Despite some people saying that the secret to longevity is all in the genes (so pick your parents wisely!), there is a lot we can to do age well. In fact, most of these secrets are really good things to do at any age in life. Here is a short summary of the ABCs of successful aging:
Staying active is key to staying fit, both mentally and physically. Learning new things, reading books, and doing anything that challenges your brain can help prevent dementia. But there is an important connection between being active mentally and physically. New research has shown that walking can improve memory, leading to enhanced brain regions involved in remembering. The hippocampus, the part of the brain that helps us make memories, tends to decline in size after the age of 50 (about 1% a year). However, research has shown that people who walked regularly (3 times a week for 45 minutes) showed an increase in the size of the hippocampus, as well as improvements on memory tests. The brain was actually getting bigger as a result of walking. Being physically active can take many forms, and can also involve having social connections when couples walk together, or friends meet to motivate each other to take more steps.
Having good balance in life is important, ranging from balancing work with pleasure, balancing our finances, and finding time to do what we enjoy, but physical balance may be a forgotten form of successful aging. Falls can happen as we age, ranging from falls in the bathroom, at night, tripping on a rug, and simply when getting up off the couch. These falls can be devastating as they can result in broken hips and bones, and hospitals stays. Injuries from falls can be a major setback in life, as it then prevents people from staying active, which can lead to a cascade of physical and mental health challenges. There is a lot we can to do improve balance. Try balancing on one leg (while holding on to something), and you might be surprised at how hard it is to balance for more than 5 seconds. Then challenge yourself to see how long you can do it. After a few days of these simple exercises, you will notice you are getting better at it, but the first few times can be a real challenge. The cerebellum, one of the most primitive parts of the brain, is getting a workout when you do balance training, and balance training can keep you out of the hospital, on your feet, and let you stay active.
Jerry Seinfeld, the comedian now in his 60s, was contemplating how to be active and age well, said “To me, if life boils down to one thing, it’s movement. To live is to keep moving.”
As we get older, it can be easy to fall out of touch with friends and family. We are often so busy working that we might not have a close group of people we can count on to just have a coffee with, and enjoy some time together. Retirement can also lead to a change in social connections, as many people’s jobs are also their ways to socialize. Some research suggests that loneliness can be just as bad for your health as smoking a pack of cigarettes a day. Older adults can also be targets for scams because of loneliness. It is estimated that one in four adults in America, at some point in their lives, say they are lonely. These feelings of isolation can lead to depression and also can have physical consequences.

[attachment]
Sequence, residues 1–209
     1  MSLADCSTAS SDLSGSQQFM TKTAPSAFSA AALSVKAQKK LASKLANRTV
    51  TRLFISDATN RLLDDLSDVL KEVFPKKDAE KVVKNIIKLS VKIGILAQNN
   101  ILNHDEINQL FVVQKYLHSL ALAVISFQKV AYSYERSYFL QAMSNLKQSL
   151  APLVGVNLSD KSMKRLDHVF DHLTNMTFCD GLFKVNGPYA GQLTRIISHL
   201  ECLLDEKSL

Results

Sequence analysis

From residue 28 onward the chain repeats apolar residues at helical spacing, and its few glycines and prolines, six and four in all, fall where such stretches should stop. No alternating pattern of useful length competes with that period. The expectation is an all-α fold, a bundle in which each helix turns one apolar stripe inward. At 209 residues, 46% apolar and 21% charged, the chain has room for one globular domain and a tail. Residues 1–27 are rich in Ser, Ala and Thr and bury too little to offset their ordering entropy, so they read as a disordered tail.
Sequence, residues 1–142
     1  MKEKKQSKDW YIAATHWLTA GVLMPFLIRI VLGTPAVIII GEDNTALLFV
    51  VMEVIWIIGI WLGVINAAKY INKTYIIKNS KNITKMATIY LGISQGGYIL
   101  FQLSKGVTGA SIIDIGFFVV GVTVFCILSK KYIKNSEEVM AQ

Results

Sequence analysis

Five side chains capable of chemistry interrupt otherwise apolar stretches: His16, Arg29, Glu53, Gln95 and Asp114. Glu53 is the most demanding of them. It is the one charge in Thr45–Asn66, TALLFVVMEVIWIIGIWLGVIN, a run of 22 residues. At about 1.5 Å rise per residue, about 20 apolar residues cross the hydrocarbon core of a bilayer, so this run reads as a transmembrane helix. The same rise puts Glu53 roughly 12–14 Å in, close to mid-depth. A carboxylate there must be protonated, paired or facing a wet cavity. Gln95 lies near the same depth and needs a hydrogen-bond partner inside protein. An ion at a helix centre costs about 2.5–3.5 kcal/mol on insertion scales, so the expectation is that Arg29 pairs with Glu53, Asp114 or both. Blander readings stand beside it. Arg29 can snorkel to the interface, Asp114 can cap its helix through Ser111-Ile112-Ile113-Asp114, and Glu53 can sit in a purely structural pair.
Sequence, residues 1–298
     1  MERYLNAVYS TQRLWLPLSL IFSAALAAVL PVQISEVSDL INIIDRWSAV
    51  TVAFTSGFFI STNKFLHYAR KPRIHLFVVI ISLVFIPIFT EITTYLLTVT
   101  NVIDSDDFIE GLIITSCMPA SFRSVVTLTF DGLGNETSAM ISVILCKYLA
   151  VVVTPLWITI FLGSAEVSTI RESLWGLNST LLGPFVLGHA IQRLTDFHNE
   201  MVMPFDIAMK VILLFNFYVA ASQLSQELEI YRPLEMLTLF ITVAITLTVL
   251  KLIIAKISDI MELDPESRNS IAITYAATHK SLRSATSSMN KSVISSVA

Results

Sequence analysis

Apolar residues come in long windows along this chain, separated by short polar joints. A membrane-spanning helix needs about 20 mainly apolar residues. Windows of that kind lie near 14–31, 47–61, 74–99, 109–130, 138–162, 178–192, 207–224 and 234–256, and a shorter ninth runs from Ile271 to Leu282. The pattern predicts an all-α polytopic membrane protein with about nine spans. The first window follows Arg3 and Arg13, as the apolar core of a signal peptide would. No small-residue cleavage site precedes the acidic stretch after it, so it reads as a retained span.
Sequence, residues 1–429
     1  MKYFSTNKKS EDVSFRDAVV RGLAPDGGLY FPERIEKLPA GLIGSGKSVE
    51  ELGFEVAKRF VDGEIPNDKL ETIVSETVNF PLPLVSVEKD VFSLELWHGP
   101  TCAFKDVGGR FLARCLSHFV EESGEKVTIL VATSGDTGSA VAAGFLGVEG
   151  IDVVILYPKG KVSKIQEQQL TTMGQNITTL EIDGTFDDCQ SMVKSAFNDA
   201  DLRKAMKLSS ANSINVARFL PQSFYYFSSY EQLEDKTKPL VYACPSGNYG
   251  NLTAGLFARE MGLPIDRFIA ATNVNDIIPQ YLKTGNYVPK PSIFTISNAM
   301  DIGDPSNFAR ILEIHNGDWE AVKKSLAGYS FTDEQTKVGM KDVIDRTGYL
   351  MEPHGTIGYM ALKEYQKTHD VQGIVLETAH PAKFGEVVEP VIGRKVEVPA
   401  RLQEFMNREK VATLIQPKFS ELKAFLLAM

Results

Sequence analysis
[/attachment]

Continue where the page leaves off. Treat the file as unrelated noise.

Feeling lonely isn’t just for older people, as many younger adults who are heavily connected via technology and social media still report feelings of social isolation. While people may have fewer friends in older age simply because people move away or die, the friendships that are maintained in older age may be closer and even more important than just having hundreds of Facebook friends.
We can’t pick our parents wisely, but in older age, we need to pick friends wisely. In older age, we may choose to spend more time with the people we care most about, but also less time with those whose company we don’t enjoy. We want to be around people who make us feel good, are interesting and stimulating, and know us well. One older adult told me quite simply that the most important thing in life is love: finding it and keeping it all around you. John Wooden, the famous UCLA basketball coach who lived to age 99 said the two most important words in the English language were “love” and “balance”.
Connecting with the right people, getting involved in a hobby or activity, and finding your calling (or a new calling) can be a great way to connect with others who have similar interests, and to explore new things in the world.
Putting all this together, research suggests that people who stay busy tend to age well, and many older adults say staying busy is important. But it is a different kind of busy than when you were younger and juggling a job, raising children or other responsibilities. Ideally, it is a kind of busy you where you have more control over what you do, what keeps you active, balanced, and connected—and that allows you to enjoy older age.
It is hard to summarize successful aging just with a few simple ABCs, as people age well in all sorts of different ways (that is why there is the rest of the alphabet!). But these ABCs capture some of the most important observations, anecdotes, and what the latest scientific research says about how to stay sharp, stay fit, and enjoy older age.
Featured image credit: “Conversing” by Cristina Gottardi. Public Domain via Unsplash.